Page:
Sunday 5 June 2011

Red Kite influx in West Cornwall

On Friday 3rd June, approximately a dozen Red Kites were seen over Nanjizal, West Cornwall.  I went on Saturday 4th mid morning to the "Raftra viewpoint" overlooking Sennen, Skewjack and Nanjizal.  After twenty minutes wait I was pleasantly surprised to count at least 46 individuals fly past me.  There were three groups of a dozen or so, the rest singles or pairs.  Some were within 30 metres of me and just above eye level, giving incredible photo and viewing opportunities. 

Three birds came out of Nanjizal woods so presumably they had been roosting there.  The majority were very worn with heavy abrasion, with feathers missing in the wing and tail.  Only a handful had bright red upper-tail feathers; most were very dull.  The photos below show the generally poor state they were in. I also saw two birds with small plastic markers in the wing.

When the movement finished, I went to St Just to buy a pasty and saw another (or same) group of twelve between Cot Vally and the airfield.  John Chapple also saw another seven at St Buryan.  Many more sightings of ones and twos the length of the county were reported, so I guess the total number probably reached a good hundred birds. 

The general consensus is that these wandering, non-breeding birds are from UK stock rather than from the continent. 


  1. Interesting to see so many kites in Cornwall. From your pics and descriptions they appear to be young birds in moult, not having bred this year. Similar things have happened along the Sussex coast over the past month. It looks like migratory birds from the continent as they have been observed flying coastwards over the English Channel. Birds with coloured wing tags are definately British and most likely Welsh. The colour and tag number will denote when and where the bird came from and in most cases the nest.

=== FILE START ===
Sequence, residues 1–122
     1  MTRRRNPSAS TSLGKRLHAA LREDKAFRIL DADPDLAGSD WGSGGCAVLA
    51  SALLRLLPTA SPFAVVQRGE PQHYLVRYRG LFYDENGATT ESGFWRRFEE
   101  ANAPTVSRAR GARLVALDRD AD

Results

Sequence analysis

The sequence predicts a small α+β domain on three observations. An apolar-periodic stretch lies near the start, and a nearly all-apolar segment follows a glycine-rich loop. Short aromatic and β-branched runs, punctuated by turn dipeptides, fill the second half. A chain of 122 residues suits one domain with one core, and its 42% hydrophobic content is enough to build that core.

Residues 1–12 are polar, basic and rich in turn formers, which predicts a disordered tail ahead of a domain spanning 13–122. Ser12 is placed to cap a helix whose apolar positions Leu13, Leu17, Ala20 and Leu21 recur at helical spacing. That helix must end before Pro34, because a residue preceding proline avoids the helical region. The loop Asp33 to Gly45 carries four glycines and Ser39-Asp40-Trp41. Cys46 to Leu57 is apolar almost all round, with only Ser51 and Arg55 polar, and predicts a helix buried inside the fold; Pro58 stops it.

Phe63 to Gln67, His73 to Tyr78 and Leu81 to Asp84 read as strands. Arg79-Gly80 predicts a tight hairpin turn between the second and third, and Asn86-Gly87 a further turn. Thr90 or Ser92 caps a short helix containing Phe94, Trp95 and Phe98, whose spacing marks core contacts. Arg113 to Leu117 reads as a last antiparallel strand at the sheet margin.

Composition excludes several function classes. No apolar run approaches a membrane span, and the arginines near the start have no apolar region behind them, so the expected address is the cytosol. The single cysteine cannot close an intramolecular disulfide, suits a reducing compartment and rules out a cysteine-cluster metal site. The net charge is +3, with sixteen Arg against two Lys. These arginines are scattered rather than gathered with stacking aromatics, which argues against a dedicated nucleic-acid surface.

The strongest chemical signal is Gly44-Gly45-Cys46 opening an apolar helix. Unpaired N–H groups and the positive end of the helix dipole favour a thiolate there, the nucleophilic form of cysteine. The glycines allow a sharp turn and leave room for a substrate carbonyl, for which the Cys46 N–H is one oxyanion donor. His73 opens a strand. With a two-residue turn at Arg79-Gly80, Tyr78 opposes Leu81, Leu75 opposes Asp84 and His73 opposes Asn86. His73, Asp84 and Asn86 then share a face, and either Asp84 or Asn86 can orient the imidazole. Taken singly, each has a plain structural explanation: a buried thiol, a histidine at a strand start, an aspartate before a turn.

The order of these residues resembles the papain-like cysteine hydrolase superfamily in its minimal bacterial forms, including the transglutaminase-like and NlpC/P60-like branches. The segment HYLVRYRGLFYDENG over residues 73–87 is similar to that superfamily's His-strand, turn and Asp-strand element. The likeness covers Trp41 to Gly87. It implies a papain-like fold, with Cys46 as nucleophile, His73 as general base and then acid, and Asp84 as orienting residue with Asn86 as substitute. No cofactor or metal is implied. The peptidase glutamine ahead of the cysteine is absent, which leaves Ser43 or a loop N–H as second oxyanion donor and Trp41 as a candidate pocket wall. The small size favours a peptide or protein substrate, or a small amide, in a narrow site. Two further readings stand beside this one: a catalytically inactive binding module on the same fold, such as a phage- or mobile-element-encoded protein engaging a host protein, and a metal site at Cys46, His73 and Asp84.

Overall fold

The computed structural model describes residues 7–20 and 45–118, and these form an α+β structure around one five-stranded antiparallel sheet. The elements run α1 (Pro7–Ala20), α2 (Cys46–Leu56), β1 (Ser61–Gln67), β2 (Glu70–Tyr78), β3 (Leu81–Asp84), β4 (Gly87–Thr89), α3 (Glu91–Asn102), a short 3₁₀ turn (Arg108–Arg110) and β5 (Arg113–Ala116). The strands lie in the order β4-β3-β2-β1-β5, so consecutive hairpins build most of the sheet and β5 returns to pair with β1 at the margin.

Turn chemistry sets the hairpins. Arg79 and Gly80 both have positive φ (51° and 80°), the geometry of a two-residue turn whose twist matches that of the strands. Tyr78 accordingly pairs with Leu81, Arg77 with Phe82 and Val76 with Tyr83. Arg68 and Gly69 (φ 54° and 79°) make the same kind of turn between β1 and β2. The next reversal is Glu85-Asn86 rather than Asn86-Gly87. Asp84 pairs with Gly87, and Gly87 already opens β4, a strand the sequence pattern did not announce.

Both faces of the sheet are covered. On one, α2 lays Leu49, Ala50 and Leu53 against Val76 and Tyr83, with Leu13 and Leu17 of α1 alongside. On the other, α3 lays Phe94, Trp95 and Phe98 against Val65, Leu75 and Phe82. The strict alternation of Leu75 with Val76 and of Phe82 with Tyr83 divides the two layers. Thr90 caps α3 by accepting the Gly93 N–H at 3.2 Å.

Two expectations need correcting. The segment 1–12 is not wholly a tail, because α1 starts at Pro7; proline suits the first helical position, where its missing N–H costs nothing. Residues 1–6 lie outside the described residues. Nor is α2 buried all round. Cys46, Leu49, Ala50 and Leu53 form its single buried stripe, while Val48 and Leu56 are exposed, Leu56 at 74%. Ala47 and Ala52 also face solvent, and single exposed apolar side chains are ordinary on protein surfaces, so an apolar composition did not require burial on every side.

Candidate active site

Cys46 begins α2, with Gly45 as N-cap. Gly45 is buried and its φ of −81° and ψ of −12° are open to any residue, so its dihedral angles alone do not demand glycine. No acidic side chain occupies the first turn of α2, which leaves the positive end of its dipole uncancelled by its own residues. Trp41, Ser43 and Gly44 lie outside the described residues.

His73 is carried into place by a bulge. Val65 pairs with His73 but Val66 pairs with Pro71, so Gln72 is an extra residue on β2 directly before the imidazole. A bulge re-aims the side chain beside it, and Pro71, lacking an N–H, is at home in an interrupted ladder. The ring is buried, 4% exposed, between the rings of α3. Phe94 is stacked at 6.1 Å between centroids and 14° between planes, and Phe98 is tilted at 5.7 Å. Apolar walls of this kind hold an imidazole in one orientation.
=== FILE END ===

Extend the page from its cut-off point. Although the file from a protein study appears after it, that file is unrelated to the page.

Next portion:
2. Great shots Steve, and I like the new blog layout.

  3. Hi Steve

    I tried to respond to Mike’s comments on your blog earlier but it hasn’t worked so thought I would try the old fashioned way! Although there have been some Red Kites in Sussex, these have been single individuals and I don’t share the view that our birds are of continental origin. The various British (not Welsh) reintroduction schemes has resulted in flocks of these birds visiting us in the south west over the last five years, usually in May. I think they were delayed this year by the bad weather – but they made it in the end as your fantastic photos show! After seeing nine over my house early Saturday, I went for a walk around Land’s End and caught up with c30 of your birds. Most don’t have wing tags these days but if you can see the colour combination check out this web site to see where they are from:

    I understand Dave Parker saw one with white tags on Friday which means it came from the Rutland area and was tagged in 2002.



  4. Thanks for the comments Mike and Monty. The above comment came from Dave Flumm, via Hotmail.

  5. Just to correct a small point. Red kites have been in Sussex for more than 8 years and have bred sucsessfully for the past 5. They can be found all the year round north of Chichester and we have several nesting pairs in the Horsham area. We also get the continental black kite which have been known to nest in Hampshire in past years.

  6. These are great shots Steve, most photographers would have to go to Gigrin Farm for these.